Wednesday, August 5, 2009


The following is a draft of Chapter 26 of my post-oil novel AMERICAN CRUDE. Comments have been disabled. If you wish to comment, please go to TheKunstlerCast at and join the discussion.


--Innocent Byproduct


That night I took the subway straight from work across town. I went to South Street . Because it was only a Monday night, the wild weekend crowd wouldn’t be there. Also, with the gasoline crisis still impacting the city, tourists likely wouldn’t be there either. So I had no fear that the usual mobs of freaks and gawkers who typically thronged South Street on the weekends would slow me down.

I walked past a punk rock shop called Zipper Head where a small crowd of goth kids mulled about on the sidewalk, covered in tattoos and body piercings. Then at the end of the block I turned right and found myself in the quiet and exclusive neighborhood known as Society Hill. That neighborhood boasted stately brick townhouses over 250 years old each, all of them worth no less than three million apiece. I passed by the cobblestone streets of that poshy neighborhood and proceeded to the next block where I surveyed the very high-end shops and businesses which serviced the blue-blooded citizens of Society Hill. There I came to an antiques shop called Beaumont Antiques and Collectibles.

I pulled out the pink packing slip that I’d taken from the giant packing crate with the Kellogg switchboard. I compared the name on the slip to the name on the shop. They matched. Then I checked the shop’s hours of business: 9 AM to 6 PM. So they would close in ten minutes.

I hurried inside causing a chime to ring. I looked around: it was a nice place. Most antiques shops tend to cram their wares onto every possible square inch of floor space, causing a very messy, claustrophobic feel stacked clear up to the ceiling. But this shop luxuriously chose to avoid the cramming approach and had a lot of their merchandise free-standing on the floor with lots of vacant space separating each piece. The pieces in this shop tended to be very large and also downright rare: princess dressers, spinning wheels, and old printing presses among other things.

While I stood admiring a marble-topped console table, a very nicely groomed man in his fifties with thick silver hair came forth from the back room. He struck me as someone who would fit right in at a wine and cheese tasting party.

“Can I help you?” he asked with a pleasant smile. I had made sure to wear some of my better street clothes that day, so the “plumber” stigma wouldn’t be a factor in my treatment by anyone.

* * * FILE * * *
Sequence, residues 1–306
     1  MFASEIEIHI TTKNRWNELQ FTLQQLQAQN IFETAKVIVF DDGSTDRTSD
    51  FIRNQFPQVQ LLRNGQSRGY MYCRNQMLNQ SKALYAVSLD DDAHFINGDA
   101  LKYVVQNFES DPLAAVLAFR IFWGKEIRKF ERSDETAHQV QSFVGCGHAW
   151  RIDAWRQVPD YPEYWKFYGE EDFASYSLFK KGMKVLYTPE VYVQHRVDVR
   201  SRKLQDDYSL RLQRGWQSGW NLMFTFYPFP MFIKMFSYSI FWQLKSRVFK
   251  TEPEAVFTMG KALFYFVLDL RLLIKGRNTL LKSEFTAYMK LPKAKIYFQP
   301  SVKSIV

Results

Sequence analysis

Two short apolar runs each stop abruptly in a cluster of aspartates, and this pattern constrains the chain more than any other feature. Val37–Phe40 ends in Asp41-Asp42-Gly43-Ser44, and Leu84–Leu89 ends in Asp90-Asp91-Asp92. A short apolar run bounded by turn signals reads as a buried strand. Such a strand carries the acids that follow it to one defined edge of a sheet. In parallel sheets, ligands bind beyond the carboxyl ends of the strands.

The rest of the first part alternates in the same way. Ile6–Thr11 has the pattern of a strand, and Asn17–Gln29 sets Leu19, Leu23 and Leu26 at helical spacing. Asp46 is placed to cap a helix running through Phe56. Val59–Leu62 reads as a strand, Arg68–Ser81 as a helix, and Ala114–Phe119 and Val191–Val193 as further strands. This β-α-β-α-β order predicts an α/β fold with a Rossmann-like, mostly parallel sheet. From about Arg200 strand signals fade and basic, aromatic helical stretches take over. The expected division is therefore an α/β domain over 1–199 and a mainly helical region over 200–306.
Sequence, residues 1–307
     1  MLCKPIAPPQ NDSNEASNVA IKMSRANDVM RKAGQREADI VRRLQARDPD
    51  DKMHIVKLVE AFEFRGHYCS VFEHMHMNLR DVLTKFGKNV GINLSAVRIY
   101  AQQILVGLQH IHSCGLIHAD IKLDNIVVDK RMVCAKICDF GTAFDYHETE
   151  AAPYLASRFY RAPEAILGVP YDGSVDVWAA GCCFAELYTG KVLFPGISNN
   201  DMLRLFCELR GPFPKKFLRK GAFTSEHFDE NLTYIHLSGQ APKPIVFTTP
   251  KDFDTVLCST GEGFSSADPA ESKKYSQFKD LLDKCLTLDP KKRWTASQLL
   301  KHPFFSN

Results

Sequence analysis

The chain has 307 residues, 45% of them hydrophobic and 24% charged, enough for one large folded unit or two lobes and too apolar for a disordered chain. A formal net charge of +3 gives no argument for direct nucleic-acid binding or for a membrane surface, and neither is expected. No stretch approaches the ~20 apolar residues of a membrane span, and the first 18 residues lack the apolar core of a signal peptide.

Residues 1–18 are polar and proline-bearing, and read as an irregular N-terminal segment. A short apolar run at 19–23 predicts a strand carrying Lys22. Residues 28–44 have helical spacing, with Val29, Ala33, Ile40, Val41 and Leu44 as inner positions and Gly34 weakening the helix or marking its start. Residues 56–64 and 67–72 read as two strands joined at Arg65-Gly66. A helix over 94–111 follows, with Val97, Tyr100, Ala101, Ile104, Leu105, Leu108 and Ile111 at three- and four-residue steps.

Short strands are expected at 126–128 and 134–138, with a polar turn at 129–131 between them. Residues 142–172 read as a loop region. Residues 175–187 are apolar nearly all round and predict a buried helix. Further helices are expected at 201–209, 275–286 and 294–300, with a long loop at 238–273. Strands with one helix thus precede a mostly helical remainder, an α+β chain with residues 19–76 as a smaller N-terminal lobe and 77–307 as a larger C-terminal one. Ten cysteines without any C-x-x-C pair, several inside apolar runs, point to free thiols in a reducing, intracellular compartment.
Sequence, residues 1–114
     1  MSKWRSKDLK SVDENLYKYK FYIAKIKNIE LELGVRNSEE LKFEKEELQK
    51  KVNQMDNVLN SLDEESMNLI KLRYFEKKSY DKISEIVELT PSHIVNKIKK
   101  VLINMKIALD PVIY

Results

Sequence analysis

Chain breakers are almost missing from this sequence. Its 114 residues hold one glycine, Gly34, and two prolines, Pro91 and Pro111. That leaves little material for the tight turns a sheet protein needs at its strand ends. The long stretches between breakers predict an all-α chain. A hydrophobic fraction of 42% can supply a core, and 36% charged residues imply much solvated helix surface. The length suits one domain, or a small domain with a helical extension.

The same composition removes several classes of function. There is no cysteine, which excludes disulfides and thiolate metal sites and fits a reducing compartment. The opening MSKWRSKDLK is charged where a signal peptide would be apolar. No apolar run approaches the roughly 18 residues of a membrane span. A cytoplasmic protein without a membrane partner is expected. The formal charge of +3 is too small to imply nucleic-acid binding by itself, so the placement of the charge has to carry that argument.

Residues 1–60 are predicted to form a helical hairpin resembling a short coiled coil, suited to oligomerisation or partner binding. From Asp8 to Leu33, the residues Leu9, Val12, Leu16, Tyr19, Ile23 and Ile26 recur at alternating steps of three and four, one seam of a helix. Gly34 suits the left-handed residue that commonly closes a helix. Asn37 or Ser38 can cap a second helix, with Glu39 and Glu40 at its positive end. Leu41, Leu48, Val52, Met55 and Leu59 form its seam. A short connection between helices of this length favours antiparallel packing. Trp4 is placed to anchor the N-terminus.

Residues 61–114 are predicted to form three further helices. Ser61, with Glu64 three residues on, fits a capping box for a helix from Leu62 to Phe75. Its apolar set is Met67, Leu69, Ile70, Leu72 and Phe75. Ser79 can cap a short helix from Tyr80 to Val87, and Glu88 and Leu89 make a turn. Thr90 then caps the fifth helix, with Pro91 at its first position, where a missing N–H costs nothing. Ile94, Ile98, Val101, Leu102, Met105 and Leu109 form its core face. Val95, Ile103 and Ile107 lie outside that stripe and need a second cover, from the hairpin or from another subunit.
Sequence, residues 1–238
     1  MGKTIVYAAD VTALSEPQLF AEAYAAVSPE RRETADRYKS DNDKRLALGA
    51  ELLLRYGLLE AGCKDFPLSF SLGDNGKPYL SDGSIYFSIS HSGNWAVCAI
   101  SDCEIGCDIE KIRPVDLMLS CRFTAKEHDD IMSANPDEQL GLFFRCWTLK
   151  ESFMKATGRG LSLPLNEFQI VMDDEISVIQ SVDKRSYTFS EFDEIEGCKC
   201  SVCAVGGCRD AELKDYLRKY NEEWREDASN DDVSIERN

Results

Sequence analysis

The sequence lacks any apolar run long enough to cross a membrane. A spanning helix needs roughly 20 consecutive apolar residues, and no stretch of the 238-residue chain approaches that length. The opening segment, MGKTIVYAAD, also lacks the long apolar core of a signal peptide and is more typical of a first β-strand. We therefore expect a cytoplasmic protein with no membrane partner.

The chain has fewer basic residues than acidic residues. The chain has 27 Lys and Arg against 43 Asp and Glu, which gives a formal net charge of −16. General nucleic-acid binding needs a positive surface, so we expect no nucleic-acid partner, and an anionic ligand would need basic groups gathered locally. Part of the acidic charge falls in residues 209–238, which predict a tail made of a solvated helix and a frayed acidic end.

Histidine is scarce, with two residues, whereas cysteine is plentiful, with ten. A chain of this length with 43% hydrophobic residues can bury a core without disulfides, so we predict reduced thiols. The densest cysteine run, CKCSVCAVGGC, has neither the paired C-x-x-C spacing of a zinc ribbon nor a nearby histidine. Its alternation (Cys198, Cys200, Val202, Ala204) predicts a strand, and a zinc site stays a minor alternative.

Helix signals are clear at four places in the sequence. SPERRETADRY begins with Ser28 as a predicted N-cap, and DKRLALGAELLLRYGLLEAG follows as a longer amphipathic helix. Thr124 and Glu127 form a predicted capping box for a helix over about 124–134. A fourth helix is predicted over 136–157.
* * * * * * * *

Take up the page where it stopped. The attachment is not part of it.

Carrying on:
“Hi,” I said, “I was in the market for an unusual item,” I lied.

“We specialize in the unusual,” he nodded. “Did you have something specific in mind?”

“A wooden telephone switchboard, circa 1920’s,” I said.

“Ah,” his smile increased as he turned his gaze to one side while recalling an old memory. “I had a client ask me for such an item about ten years ago. It’s not difficult to find one or two, but he was very precise in what he wanted. He said the order absolutely had to be the old Kellogg switchboards, and he also said he wanted no less than ten. It took me a year to fill that order, and I sadly was only able to come up with six. But he was very gracious and accepted just the six. Very hard to come by actual industrial items of that nature. Home furnishings from almost any era of the past 400 years are relatively easy to find. But locating professional workplace equipment any older than the 1950’s is rare and difficult indeed.”

“Why Kellogg?” I asked. “Anything special about that model?”

“Well, Kellogg switchboards weren’t necessarily the most attractive switchboards of their era. But they were certainly the most user-friendly. They also required very little electricity, or I should say, they wasted very little electricity --extremely energy efficient instruments, those were.”

“Can I ask who that client was?” I asked.

“A fine gentleman who lived with his wife right here in the city. Beyond that I am not at liberty to divulge anyone’s private information. I’m sure you understand.”

I nodded and turned to leave with a polite “Thank you for your time.”

“What about your switchboard?” he asked.

“I’m still looking. Thanks anyway,” I said over my shoulder as I walked out the door amid its chiming.

-------------------End of Chapter 26--------------------